Exploding Plastic Inevitable
The fifties may have been the last great moment when Americans entrusted their dreams of transformation to the material world. In the postwar years rationed hunger was let loose on a whole new world of goods, visible manifestations of the possibilities of upward mobility that were renewed in the boom economy. More even than symbol, the material world became a theater of transformation. On the glowing, capacious stage of things--cars, hula hoops, rockets--our destiny of motion was revealed. And our destiny of metamorphosis: as malleable as Silly Putty, Play-Doh and Jell-O. In the same postwar kitchen where hunger could be miraculously satisfied, the most ordinary of ingredients--cornflakes, dried-onion soup, Ritz crackers, potato chips, marshmallows--could be converted into the beautiful, the delightful and the delicious: casseroles and desserts that pleased growing families and sparked entertaining parties.
One of the most familiar fixtures of American quotidian culture that acquired during these years the shine of the more-than-ordinary, the more-than-thing, was Tupperware. Unencumbered by irony, items like the "Wonder Bowl" were elevated by Tupper Plastics, Inc., to the status of powerful instruments of transformation. Earl Tupper's sleek designs embraced a functional new aesthetic; his ingenuity confirmed American engineering prowess and revived the powers of plastic itself, the magical transmutation of "a lump of black, recalcitrant chemical waste product." Tupper's bowls and tumblers were, in fact, designed and marketed with large ambitions: the "total 'Tupperization' of American homes." Modernized by Tupperware, domestic life would take up a new future, presided over by the resourceful, efficient American "hostess" wielding an expanding palette of consumer goods on behalf of family and hospitality. "Through an act of genius and alchemy," Alison Clarke intones in the same mythologizing spirit, "Earl Tupper summoned forth a divine creation to benefit humanity."
Earl Tupper conceived his life's work in the high Franklinian terms of self-improvement and social reform. Self-educated and self-made like Franklin, Tupper kept attentive track of his diet and exercise regimes as well as his progress as an inventor, and he dabbled in schemes for social change, including a utopian theme park. From being a struggling worker in a rural family business, Tupper managed to remake himself into a successful innovator, entrepreneur and, eventually, corporate leader. Tupper worked in the thirties for a New England plastics manufacturer that encouraged him to use company resources to experiment on his own time with ideas for molded-plastic products. By 1939 Tupper had founded his own company; by the early forties he was designing his own plastic housewares, using a versatile new form of polyethylene that had originally been developed for wartime industries. Tupper's great innovation (for which he applied for a patent in 1947) was the "Tupper seal," based on the inversion of a paint-can lid, which created an air- and liquid-tight closure (emitting the famous "Tupperware burp") and became the core of a mass-producible system of unbreakable, stackable, generic containers in a variety of "sculptural" shapes. The Tupper seal "transformed the product from a flexible plastic bowl to a patentable technological form"--and made it possible for Tupper to project his entire line of products as exemplars of a social ideal that combined beauty, affordability and efficiency--to, in effect, bring modernity within reach of the average household.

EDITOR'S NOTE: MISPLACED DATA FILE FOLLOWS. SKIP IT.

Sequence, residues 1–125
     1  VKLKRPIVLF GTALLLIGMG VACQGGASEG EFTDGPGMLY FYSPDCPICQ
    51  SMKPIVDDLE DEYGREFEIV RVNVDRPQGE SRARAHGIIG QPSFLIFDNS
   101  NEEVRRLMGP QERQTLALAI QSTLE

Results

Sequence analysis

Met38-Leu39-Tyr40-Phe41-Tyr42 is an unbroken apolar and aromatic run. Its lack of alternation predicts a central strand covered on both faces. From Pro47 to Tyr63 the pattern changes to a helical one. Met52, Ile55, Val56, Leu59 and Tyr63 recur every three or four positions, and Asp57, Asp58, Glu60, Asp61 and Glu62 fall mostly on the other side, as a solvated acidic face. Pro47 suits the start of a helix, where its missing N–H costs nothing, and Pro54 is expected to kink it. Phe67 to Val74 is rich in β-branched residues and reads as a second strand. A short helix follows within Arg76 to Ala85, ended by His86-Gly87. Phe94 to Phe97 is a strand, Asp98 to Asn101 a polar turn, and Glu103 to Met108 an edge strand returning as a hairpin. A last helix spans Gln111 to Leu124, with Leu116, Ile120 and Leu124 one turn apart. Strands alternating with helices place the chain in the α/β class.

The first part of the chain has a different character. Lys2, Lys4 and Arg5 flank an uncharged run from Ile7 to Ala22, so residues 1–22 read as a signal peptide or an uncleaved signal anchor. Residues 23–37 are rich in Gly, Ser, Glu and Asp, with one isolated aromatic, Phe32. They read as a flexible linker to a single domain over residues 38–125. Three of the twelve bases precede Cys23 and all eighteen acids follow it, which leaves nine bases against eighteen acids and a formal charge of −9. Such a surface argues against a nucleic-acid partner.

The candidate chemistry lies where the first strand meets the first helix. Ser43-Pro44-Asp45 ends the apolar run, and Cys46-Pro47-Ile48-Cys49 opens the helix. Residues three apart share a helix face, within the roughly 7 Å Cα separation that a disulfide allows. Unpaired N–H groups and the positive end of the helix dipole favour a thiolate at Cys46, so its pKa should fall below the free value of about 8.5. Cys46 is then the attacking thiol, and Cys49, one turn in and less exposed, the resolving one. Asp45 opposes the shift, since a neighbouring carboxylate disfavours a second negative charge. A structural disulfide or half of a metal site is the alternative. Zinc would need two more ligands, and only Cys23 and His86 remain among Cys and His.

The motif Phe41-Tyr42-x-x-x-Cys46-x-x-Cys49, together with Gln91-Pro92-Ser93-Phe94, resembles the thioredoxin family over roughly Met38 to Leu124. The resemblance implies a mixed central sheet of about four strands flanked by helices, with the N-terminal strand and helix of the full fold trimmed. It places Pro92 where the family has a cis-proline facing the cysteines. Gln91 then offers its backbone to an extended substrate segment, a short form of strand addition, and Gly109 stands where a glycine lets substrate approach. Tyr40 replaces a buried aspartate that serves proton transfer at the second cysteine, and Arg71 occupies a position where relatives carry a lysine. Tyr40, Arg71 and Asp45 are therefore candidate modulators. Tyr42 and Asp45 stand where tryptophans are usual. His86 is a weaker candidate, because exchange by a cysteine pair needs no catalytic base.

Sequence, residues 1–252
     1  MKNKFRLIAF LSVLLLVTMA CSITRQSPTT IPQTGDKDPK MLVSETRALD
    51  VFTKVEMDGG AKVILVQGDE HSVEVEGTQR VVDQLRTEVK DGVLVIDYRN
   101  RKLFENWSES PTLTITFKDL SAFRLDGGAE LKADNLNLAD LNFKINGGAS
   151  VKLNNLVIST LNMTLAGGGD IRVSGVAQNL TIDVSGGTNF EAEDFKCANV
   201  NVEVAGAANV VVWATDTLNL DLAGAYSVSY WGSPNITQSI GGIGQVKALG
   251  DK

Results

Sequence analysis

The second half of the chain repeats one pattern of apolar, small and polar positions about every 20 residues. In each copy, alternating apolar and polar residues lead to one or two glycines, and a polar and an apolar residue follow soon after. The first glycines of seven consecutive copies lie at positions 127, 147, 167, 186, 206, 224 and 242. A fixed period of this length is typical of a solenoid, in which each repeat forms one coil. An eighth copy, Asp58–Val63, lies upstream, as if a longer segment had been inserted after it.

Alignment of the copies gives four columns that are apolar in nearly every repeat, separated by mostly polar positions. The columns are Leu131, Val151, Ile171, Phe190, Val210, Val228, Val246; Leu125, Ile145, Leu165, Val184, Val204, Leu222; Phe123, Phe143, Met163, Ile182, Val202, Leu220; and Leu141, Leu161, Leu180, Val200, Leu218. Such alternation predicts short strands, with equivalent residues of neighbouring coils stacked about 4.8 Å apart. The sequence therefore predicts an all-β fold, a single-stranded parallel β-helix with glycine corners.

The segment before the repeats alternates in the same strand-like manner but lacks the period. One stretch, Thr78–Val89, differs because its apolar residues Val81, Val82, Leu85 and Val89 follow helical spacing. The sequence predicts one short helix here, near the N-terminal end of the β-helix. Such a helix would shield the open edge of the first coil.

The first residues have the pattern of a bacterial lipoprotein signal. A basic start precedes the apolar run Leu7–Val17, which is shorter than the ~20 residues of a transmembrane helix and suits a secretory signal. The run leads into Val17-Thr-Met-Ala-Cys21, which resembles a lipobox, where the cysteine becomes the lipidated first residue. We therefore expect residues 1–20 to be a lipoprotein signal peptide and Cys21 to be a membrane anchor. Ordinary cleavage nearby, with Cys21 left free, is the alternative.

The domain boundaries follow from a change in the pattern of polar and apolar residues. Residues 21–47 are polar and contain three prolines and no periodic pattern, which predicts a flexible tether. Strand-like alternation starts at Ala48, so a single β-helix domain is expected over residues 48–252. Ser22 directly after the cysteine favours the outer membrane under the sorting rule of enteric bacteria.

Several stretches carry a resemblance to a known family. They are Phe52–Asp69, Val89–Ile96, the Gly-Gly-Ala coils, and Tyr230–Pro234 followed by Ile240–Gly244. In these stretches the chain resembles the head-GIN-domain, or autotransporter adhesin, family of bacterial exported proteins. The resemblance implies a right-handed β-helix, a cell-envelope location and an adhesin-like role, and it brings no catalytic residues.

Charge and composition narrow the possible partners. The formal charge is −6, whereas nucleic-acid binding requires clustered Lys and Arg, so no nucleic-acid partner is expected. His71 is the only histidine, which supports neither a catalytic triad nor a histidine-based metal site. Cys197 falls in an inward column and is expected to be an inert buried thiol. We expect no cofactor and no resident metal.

Alison Clarke makes an interesting and largely convincing case for Tupperware's negotiation of a path between old and new during these years of anxious transition. Most plainly, Tupperware's promise of "sealed-in freshness" enlisted modern materials and design on behalf of the intrinsically conservative mission of preservation. Tupperware pieces like "Patio Partners" and "TV Tumblers" were designed to fit a new generation of social occasions (barbecues, buffets, cocktail parties) and to serve a new generation of recipes, like "Chuck Wagon Casserole," that encouraged convenience and spoke of affluence--while at the same time encouraging the thrifty use of leftovers. In this way, Clarke argues, "the Tupperware ethos circumscribed the contradictions of thrift and excess, decorum and caprice."
It was without a doubt the innovation of the "Tupperware party" that gave the products their most organic access to American domestic life. The Tupperware party fit perfectly the shifting social, economic and emotional conditions of the great postwar migration to suburbia. Door-to-door sales by the Fuller Brush Company, the Electrolux Corporation, Stanley Home Products and Avon Products had already by the early fifties staked a commercial claim on the intimate turf of suburban America, whose homogeneous middle-class population offered "an abundant supply of easily targeted consumers." In a culture of newcomers, the Tupperware party was "the ideal home-based networking opportunity for a newly displaced population." Against the backdrop of still tenuous neighborhoods, Tupperware parties created a ready-to-use, ritualized occasion for entertainment--complete with a designated social leader, a repertoire of activities and a "Get-Acquainted Set" of shared objects--that filled a social vacuum for women isolated at home with young children and, at the same time, transformed consumption itself into a party.
Some of Clarke's most suggestive analysis focuses on the women-only environment of the Tupperware party and, especially, of the Tupperware system of dealerships. According to Clarke, in blurring "domesticity and commerce, work and leisure, friend and colleague, consumer and employee" the entire Tupperware project managed to forge a new, uncertain amalgam that charted an ambiguous course of change for women.